Don't Stop At A Will: Understanding The Limitations Of The Last Will And Testament

Posted on: 25 March 2018

If you are considering making a will, do so. There is simply no replacement for this best-known and indispensable legal document when it comes to dealing your affairs after death. The will, however, should not be considered the be-all end-all product when it comes to estate planning. Read on to learn more about using a few other simple ways to serve your estate.

Dealing with Real Estate

When you consider estate property, there is unlikely to be any as valuable as real estate. If you allow this part of your property to be handled by a will, you may have to wait months for the property issue to be resolved through probate court. Instead, take some time to visit your estate attorney, and execute a simple document called a quit-claim deed. This is actually a re-do of your real estate deed where you amend it to cover who you want to inherit the property after your death. There are several variations for amending the deed, such as rights of survivor-ship and others. Be sure to discuss the ramifications of adding family members or others to your deed as well. For example, if you add a son to your deed and he later declares bankruptcy, it could put your property at risk.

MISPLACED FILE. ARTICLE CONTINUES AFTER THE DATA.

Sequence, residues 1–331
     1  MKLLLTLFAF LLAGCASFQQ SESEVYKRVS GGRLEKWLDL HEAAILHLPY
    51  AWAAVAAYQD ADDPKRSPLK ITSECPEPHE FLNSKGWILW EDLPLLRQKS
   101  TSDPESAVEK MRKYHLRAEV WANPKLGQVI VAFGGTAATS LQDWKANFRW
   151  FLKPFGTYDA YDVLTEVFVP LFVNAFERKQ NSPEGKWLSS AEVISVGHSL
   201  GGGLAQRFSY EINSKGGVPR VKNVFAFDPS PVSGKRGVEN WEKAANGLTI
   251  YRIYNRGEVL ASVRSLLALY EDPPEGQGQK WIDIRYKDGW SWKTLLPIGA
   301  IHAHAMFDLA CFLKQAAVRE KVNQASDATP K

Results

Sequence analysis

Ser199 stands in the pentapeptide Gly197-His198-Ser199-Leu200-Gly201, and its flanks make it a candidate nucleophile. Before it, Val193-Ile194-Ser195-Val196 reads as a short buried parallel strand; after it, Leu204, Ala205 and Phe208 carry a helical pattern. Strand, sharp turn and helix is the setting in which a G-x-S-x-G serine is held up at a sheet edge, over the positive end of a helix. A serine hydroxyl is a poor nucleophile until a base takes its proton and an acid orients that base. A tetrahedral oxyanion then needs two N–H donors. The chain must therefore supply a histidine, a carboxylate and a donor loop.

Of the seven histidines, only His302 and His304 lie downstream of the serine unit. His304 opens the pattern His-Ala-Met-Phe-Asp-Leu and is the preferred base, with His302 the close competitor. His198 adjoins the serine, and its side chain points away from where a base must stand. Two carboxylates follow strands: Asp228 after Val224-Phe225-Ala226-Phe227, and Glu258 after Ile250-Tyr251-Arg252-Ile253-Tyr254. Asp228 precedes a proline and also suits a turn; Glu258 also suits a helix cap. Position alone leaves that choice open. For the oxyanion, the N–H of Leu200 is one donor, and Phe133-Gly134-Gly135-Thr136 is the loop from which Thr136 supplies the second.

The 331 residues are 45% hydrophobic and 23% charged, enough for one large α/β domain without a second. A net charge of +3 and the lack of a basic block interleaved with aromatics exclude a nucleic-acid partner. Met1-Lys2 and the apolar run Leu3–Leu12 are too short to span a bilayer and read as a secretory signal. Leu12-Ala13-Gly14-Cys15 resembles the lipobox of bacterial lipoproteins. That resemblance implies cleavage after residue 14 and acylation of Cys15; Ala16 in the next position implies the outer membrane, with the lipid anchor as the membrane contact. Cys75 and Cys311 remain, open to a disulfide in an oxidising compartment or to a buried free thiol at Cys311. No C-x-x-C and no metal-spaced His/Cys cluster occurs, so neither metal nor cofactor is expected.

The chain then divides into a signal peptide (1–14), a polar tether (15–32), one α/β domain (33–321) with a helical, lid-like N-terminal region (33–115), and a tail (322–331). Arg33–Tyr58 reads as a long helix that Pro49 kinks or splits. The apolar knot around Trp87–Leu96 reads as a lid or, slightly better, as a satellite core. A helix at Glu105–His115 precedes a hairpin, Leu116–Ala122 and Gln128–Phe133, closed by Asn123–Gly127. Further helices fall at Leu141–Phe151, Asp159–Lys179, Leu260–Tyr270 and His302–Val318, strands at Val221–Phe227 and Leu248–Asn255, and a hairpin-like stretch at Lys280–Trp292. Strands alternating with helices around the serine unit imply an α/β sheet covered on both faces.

Dealing with Your Pet

If you are like most, your beloved pet is a like a member of your family. Trying to leave money or property to your pet is not allowed, however. Animals are considered property, which is understandable when you realize that a great deal of money is invested in livestock. The best way to handle your pet is to designate a person to care for it and to perhaps even provide that person with money to do so.

Revocable Trusts

A revocable trust is very similar to a will, but is better in some ways. Trusts do not have to probated, so any property named in a trust can be dispersed immediately. Additionally, the property named in a trust takes precedence over any named in a will. For example, if you accidentally leave your silver tea set to aunt #1 in your trust and the same set to aunt #2 in your will, aunt #1 gets the set as set forth in the trust.

Payable on Death/Transfer on Death

Dealing with bank accounts and investment accounts through a will usually mean a delay. In most cases, upon the owner's death, the accounts are frozen until probate is complete, which often ties up needed funds to administer the estate for months. A quick visit to your bank or broker can resolve that issue by placing a designation on the account that it is to be disbursed upon your death to any named people.

Speak to your estate attorney to learn more. A lawyer at a personal injury law firm who also offers estate services may be a good choice.